Sydney city review could lead to OOH red tape

Rachael Micallef
By Rachael Micallef | 27 April 2015

A review into signage development standards being carried out by the City of Sydney has the potential to bring the city “in line with the world’s leading cities,” but the industry fears it may bring excess red tape.

The Draft Sydney Development Control Plan (DCP) – Signs and Advertisements 2015 outlines proposed changes to current planning controls, which were set out in the DCP of 2012.

The proposals, which have been in market for a month and are awaiting industry responses, cover a number of issues, but have a focus on new signage formats. One of the key proposed changes is new development standards for large format electronic signs.

MD of OOH specialist agency Posterscope, Joe Copley, said the digital roadside, or large format, industry in Sydney has been “held back”, partially due to regulation around it compared to other capital cities, because there is no mention of digital in the current DCP.

“The demand and the appetite for digital billboards from the media side and from advertisers has grown exponentially in the last two years and the reason for that is that we now have more data, we understand how to use it better to be more relevant and because the cost of the technology is coming down.”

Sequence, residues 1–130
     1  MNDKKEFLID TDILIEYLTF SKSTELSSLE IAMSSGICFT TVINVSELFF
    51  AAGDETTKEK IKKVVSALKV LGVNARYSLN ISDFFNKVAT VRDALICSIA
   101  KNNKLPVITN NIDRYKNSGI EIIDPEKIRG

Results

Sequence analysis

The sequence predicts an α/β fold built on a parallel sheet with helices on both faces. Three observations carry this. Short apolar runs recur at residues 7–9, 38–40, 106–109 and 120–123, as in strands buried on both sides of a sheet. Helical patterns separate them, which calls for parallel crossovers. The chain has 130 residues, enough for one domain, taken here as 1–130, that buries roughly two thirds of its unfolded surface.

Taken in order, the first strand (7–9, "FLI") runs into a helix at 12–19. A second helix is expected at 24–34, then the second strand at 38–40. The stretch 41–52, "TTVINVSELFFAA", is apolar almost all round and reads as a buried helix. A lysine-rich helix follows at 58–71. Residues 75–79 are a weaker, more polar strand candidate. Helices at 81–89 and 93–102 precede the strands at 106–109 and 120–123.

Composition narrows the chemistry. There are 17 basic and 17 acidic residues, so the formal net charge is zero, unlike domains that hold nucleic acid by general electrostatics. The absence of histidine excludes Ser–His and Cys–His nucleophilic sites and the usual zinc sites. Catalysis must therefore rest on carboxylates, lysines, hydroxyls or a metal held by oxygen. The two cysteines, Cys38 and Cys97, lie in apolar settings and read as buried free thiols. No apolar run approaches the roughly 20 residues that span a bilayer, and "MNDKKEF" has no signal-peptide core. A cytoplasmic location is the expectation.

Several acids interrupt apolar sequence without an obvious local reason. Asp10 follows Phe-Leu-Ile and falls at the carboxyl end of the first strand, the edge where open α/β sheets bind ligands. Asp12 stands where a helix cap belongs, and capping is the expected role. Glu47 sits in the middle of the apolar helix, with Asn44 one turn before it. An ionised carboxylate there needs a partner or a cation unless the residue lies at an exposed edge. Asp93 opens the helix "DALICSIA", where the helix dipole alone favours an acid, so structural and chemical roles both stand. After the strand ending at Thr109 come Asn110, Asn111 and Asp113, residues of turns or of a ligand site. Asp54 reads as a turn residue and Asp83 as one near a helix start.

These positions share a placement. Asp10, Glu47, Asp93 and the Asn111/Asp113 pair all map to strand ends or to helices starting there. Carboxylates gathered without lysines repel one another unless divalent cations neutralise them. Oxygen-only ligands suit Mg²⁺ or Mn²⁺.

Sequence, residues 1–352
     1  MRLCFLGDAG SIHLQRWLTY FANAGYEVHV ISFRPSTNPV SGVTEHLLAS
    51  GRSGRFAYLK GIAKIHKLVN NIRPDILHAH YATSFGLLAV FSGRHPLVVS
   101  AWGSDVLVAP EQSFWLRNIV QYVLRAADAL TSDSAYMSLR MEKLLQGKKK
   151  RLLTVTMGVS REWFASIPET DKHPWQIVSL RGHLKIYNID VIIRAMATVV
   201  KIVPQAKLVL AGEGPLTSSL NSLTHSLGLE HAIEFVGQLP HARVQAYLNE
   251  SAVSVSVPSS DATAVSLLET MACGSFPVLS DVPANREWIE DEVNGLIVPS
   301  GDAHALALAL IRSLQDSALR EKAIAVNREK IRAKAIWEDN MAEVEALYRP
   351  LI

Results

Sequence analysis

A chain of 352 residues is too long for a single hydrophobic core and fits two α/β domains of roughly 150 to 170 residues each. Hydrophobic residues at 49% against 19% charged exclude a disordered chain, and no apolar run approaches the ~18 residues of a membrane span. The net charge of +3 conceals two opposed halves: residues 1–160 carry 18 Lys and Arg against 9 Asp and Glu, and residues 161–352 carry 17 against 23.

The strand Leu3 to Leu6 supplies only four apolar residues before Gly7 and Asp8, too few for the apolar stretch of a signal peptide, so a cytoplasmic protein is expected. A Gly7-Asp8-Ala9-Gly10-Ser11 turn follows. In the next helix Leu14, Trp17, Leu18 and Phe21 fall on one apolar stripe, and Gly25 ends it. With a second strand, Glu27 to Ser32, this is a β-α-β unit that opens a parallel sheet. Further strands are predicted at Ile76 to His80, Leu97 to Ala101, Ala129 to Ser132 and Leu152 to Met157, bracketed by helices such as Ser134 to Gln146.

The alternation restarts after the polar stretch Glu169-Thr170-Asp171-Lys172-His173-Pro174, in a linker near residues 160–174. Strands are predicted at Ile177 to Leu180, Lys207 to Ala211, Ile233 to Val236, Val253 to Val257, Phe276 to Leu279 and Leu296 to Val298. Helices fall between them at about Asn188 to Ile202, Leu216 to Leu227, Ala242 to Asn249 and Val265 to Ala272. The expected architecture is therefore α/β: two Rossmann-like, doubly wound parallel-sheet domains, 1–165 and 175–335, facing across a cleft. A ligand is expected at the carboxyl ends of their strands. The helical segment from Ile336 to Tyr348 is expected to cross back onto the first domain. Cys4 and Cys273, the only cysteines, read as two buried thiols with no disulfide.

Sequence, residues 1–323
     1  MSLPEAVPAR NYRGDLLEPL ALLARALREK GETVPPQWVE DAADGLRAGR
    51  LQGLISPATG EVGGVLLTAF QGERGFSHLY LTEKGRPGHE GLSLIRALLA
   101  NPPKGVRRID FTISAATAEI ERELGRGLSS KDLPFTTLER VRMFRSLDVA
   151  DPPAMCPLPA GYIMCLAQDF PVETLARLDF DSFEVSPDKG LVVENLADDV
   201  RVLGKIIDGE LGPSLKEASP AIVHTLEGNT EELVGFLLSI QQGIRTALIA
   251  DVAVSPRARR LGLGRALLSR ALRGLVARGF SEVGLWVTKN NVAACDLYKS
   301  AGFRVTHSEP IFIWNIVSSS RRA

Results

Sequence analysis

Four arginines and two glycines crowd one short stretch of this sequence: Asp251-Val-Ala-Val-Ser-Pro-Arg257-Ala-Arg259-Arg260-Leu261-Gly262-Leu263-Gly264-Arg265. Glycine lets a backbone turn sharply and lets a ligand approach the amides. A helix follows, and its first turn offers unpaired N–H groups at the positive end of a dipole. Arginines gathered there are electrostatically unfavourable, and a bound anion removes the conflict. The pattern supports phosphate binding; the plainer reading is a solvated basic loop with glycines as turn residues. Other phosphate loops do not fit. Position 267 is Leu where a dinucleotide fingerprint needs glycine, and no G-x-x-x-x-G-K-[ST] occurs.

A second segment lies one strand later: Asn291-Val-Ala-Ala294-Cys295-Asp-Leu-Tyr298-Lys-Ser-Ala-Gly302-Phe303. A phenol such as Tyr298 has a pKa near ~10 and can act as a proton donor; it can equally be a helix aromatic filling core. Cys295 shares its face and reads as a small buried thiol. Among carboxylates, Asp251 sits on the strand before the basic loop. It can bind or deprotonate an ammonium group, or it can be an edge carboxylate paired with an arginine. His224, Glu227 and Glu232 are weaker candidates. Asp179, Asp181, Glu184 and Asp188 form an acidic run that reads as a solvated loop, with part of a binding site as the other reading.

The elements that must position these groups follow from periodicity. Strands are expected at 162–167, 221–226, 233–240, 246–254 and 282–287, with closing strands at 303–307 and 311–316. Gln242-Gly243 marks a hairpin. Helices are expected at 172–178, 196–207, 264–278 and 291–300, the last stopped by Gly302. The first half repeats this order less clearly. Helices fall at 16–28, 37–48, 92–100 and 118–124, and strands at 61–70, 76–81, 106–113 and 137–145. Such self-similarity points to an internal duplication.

Under the proposed changes, the replacement, conversion or upgrade of existing advertising structures would be permitted, where it can be demonstrated that it will satisfy several conditions. These include the structure not having negative visual, light or traffic safety impact, satisfying operation management requirements, achieving a high level of environmental performance and showing that it “has a public benefit”, which includes allocating free advertising time to the City to display community messages.

APN Outdoor CEO Richard Herring said the proposed DCP is a positive step which will “bring the City of Sydney in line with Australia’s and the world’s leading cities”.

He warns, however, that the regulation needs to “strike the right balance”, adding that certain proposals might be at odds with other legislation.

“The overall intent of the DCP may be positive, but negatives will arise if it creates further or duplicated regulatory hurdles which are unnecessary or overly complex. The primary challenge is to achieve homogenised regulatory controls, at both state and local government level.”

The open submission period for the proposal has been extended until 30 April after a number of stakeholders individually requested extensions. The Outdoor Media Association (OMA) is consolidating an industry-wide assessment.

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